The GNOME Infrastructure is moving to Openshift

During GUADEC 2018 we announced one of the core plans of this and the coming year: it being moving as many GNOME web applications as possible to the GNOME Openshift instance we architected, deployed and configured back in July. Moving to Openshift will allow us to: Save up on resources as we’re deprecating and decommissioning VMs only running a single service Allow app maintainers to use the most recent Python, Ruby, preferred framework or programming language release without being tied to the release RHEL ships with Additional layer of security: containers Allow app owners to modify and publish content without requiring external help Increased apps redundancy, scalability, availability Direct integration with any VCS that ships with webhooks support as we can trigger the Openshift provided endpoint whenever a commit has occurred to generate a new build / deployment Architecture The cluster consists of 3 master nodes (controllers, api, etcd), 4 compute nodes and 2 infrastructure nodes (internal docker registry, cluster console, haproxy-based routers, SSL edge termination). [Read More]

The GNOME Infrastructure’s FreeIPA move behind the scenes

A few days ago I wrote about the GNOME Infrastructure moving to FreeIPA, the post was mainly an announcement to the relevant involved parties with many informative details for contributors to properly migrate their account details off from the old authentication system to the new one. Today’s post is a follow-up to that announcement but it’s going to take into account the reasons about our choice to migrate to FreeIPA, what we found interesting and compelling about the software and why we think more projects (them being either smaller or bigger) should migrate to it. [Read More]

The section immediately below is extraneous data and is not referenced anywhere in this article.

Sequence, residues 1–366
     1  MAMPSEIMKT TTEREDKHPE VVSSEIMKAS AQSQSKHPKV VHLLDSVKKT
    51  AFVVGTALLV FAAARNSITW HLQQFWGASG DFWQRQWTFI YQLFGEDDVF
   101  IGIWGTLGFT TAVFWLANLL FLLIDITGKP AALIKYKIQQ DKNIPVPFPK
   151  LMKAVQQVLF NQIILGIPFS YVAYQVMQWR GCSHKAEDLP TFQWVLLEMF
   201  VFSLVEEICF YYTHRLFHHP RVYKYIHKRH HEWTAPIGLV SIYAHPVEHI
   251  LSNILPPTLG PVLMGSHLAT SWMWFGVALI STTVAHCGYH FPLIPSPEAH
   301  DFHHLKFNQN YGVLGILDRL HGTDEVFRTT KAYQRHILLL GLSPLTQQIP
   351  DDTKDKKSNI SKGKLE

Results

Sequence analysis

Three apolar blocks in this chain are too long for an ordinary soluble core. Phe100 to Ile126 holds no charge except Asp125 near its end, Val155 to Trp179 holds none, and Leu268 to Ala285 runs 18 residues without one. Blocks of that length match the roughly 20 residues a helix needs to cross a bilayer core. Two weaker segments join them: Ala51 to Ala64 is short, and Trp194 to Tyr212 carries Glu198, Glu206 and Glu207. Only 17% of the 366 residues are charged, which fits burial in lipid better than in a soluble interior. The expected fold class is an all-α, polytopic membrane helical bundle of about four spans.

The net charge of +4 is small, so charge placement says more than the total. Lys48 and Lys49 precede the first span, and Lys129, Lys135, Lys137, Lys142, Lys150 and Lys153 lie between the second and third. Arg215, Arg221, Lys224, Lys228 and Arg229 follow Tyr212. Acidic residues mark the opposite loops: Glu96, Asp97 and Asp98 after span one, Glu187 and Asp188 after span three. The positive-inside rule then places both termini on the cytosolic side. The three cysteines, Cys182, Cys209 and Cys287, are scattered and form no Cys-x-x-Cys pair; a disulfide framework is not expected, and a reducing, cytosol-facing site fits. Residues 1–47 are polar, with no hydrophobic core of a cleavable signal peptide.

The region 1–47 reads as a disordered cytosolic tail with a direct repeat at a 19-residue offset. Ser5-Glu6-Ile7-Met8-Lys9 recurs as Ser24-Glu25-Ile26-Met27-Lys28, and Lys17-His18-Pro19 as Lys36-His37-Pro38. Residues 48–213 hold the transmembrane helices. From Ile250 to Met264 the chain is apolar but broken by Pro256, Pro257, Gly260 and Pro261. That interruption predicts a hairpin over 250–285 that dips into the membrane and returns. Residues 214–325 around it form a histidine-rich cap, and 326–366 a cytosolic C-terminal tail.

The GNOME Infrastructure is now powered by FreeIPA!

As preannounced here the GNOME Infrastructure switched to a new Account Management System which is reachable at https://account.gnome.org. All the details will follow. Introduction It’s been a while since someone actually touched the underlying authentication infrastructure that powers the GNOME machines. The very first setup was originally configured by Jonathan Blandford (jrb) who configured an OpenLDAP istance with several customized schemas. (pServer fields in the old CVS days, pubAuthorizedKeys and GNOME modules related fields in recent times) [Read More]

A second round of updates from the GNOME Sysadmin Team

I haven’t been blogging so much in the past months as I actually promised myself I would have but given the fact a lot has been done on the GNOME Infrastructure lately it’s time for me to announce all the updates we did since my latest blog post. So here we come with all the items we’ve been looking at recently: Our main LDAP istance was moved from a very ancient machine (which unfortunately died with a broken disk a few weeks ago) to a newer box that currently contains several other admin tools like Mango and Daily Reports. [Read More]

Some updates from the GNOME Sysadmin Team

It’s been more than a month now since I started looking into the many outstanding items we had waiting on our To Do list here at the GNOME Infrastructure. A lot has been done and a lot has yet to come during the next months, but I would like to share with you some of the things I managed to look at during these weeks. As you may understand many Sysadmin’s tasks are not perceived at all by users especially the ones related to the so-called “Puppet-ization” which refers to the process of creating / modifying / improving our internal Puppet repository. [Read More]